Figurative Language Versus Literal Language
- Pages: 4
- Word count: 866
- Category: Language
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It is important for one who speaks figuratively to take in consideration the audience might not be able to fully follow or understand them completely. Although figurative language can be entertaining, it can be interpreted in a way other that what was intended. Therefore, it will need some explanation.
The word “idiom” is an expression whose meaning is not literally what’s said, but it is what is to be understood based on its premise. The idiom functions as a substitute for could be considered a less interesting way of expression. “Play your heart out” is an idiom that literally be translated as someone’s heart is leaving their body while they are playing; but by my basketball coach used this idiom when he wanted us play to the best of our ability.
An analogy is a similarity between of two things that have common features, on which a comparison may be made (Harper, 2010). I use analogies when I am trying to explain an idea so that my audience will have a point of reference, and hopefully get a better understanding of what I am trying to explain. “Her tears ran like the waters of rushing river”, is an analogy that compares tears to waters of rushing river.
A metaphor is an implied comparison between two things (Kirby/Goodpaster, 2007). “Michael Jordan is a beast”, is a metaphor that describe his great ability as a basketball player. The literal translation could make the reader afraid to be around him because of the descriptive word beast.
A simile is a figure of speech in which two unlike things are explicitly compared. “We are like sheep” is simile comparison that speaks to behavior, nature, and dependency of mankind. As sheep depend on mankind for their protection, likewise, mankind depends on God for its protection. The literal interpretation could suggest many other things such as, we look like sheep, we smell like sheep, we think like sheep…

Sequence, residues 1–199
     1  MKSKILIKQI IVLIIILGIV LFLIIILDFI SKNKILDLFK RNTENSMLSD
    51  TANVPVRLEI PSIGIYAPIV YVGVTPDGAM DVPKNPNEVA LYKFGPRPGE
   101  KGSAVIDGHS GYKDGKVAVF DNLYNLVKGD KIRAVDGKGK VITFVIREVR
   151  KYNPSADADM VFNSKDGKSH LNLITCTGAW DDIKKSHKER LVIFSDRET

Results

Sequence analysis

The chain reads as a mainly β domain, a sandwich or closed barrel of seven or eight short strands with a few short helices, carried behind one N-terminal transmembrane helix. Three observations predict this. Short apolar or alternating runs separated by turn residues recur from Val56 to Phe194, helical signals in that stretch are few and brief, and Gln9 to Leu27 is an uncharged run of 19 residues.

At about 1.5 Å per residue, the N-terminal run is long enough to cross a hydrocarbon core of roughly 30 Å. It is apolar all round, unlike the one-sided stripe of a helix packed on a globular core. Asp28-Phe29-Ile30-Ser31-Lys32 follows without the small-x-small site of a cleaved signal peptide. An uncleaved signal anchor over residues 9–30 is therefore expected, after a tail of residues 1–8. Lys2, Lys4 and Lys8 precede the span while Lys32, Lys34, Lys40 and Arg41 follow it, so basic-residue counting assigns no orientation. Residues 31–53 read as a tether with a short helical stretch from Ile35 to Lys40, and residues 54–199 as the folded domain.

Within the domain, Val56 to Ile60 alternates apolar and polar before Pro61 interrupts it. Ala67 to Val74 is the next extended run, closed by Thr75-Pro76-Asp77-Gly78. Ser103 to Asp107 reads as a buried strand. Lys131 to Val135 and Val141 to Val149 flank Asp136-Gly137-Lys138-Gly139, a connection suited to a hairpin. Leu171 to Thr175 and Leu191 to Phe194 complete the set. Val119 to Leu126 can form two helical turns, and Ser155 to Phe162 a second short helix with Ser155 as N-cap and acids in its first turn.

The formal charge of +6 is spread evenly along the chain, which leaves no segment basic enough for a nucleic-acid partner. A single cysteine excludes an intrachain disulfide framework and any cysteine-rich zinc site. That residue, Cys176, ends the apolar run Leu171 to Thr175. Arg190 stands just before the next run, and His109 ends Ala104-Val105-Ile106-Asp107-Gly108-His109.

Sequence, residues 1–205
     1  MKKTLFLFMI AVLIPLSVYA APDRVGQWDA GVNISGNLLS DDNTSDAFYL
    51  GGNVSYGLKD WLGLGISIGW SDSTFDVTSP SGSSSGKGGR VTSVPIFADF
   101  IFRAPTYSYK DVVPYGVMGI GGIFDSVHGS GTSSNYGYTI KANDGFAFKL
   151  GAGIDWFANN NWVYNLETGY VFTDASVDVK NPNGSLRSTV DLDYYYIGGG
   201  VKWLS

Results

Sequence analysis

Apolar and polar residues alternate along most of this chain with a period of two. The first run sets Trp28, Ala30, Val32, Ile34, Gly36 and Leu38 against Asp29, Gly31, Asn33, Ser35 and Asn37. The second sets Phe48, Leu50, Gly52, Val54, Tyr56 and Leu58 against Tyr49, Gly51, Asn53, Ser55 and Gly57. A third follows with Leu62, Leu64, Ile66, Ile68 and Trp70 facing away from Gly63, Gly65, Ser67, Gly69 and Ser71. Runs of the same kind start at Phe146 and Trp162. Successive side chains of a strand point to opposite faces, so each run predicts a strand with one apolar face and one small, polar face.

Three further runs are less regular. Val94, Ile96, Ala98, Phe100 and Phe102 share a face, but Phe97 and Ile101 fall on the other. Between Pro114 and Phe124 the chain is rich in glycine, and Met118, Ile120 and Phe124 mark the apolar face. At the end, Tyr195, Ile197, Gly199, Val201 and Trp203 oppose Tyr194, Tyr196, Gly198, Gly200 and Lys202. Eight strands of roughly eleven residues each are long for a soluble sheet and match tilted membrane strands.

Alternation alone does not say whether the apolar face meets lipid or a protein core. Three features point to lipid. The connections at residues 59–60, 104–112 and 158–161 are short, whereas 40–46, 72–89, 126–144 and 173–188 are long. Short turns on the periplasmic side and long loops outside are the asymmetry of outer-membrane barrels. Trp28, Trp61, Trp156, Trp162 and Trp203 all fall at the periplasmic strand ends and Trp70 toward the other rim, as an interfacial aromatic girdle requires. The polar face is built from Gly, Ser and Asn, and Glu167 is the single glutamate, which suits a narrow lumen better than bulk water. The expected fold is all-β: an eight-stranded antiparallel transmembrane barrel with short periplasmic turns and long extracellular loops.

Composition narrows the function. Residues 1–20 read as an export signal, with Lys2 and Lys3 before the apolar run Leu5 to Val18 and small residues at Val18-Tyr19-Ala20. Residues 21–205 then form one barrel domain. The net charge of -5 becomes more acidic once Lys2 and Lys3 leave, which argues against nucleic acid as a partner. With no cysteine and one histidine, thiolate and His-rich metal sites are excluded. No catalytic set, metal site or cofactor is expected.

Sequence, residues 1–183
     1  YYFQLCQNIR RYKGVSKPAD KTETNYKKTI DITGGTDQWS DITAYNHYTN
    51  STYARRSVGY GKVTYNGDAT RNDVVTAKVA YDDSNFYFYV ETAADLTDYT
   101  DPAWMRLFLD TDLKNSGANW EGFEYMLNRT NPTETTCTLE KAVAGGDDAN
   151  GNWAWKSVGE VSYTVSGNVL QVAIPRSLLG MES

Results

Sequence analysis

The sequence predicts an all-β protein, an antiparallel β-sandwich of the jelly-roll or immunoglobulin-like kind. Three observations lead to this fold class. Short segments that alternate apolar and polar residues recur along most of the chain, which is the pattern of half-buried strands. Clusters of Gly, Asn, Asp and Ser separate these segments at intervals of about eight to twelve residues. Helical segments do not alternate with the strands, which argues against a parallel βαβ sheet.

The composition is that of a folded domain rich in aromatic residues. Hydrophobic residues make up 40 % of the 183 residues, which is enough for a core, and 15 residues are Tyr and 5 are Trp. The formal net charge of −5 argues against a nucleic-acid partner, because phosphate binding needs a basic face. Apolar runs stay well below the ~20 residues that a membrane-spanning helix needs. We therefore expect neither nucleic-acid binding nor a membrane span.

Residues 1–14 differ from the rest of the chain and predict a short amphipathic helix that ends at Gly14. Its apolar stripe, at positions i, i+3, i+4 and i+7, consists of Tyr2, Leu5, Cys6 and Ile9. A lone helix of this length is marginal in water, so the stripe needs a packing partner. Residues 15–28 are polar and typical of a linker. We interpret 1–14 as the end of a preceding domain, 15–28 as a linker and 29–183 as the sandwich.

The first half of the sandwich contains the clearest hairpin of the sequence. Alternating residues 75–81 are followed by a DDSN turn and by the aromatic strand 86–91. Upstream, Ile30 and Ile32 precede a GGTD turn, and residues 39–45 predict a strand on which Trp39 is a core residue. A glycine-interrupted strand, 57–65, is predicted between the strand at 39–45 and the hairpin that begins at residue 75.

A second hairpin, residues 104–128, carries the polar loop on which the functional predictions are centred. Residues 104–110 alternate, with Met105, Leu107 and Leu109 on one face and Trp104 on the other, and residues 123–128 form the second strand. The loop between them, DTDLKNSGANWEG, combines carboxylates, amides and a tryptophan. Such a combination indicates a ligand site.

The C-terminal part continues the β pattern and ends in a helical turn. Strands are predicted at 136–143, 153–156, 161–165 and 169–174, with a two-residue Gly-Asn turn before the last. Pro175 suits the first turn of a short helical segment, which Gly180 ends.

The word cliché is an expression or an idea that is no longer new (has become worn-out, trite) (Macmillan, 1994). As a child I would always ask my mother to buy me the most expensive things, she would sometimes use the cliché “do I look like a money tree?” If one were not familiar with this cliché or its intent, they might attempt to answer the question literally with a yes or no.
The word amphiboly is a grammatical construction that has a double or doubtful meaning. In the ghetto or hood, we use to have illegal lottery operators that were known as “number runners”. “They are running numbers” is a construction that could imply that someone is running number or they are called running numbers.
A flame word is a word that is used to insult someone. I like to think of it as a word that can get things heated. Some examples of a flame word are; dumb, stupid, lazy, etc… These kinds of words only be used descriptively or when trying to get under another’s skin.
A hyperbole is a word or group of words that are exaggeration used for effect and not to be taken literally. “He is fast as a jet plane” is an example of a hyperbole. The idea of the phrase is to suggest that the runner is very fast, not that he is as fast as a jet plane. I would use a hyperbole when I am trying to convince or persuade someone.
The word euphemism is note as the substitution of an agreeable or inoffensive expression for one that may offend or suggest something unpleasant (Macmillan, 1994, p. 468). In other words, it’s nicer more acceptable way of saying something that’s use when trying not to offend another’s. Asking someone to lower their voice versus telling them to shut up is an example of euphemism.
Colloquialism is noted as a colloquial expression; characteristic of spoken or written communication that seeks to imitate informal speech (Macmillan, 1994, p. 275). When I bought my first car, I did know that it wasn’t in good shape. The car I bought was a lemon. Using the word lemon instead of wreck is an example of colloquialism. This expression is used in everyday leisure conversation.
In conclusion, I realize the necessity of literal language, however, in terms of expression, I choose figurative language. The use of figurative language can help different groups separate themselves in many ways from everybody else. Slang words can be considered a form of figurative language. Lastly, I think that is a great deal creativity that can be expressed from speaking or writing figuratively. I use it when I’m writing poetry, or when I’m trying to put lyrics to a song. It is all about how the writer or speaker wants to express themselves. However, figurative language is not preferred in more literal matters. Literal language is preferred when the message could get lost or misunderstood in translation.
Harper, D. (2010). Dictionary.com. Retrieved 1 25, 2013, from http://dictionary.reference.com/browse/analogy?s=t Kirby/Goodpaster. (2007). Thinking. Upper Saddle: Prentice Hall. Macmillan, S. &. (1994). Webster’s New Word Dictionary. In S. &. Macmillan. Simon & Schuster.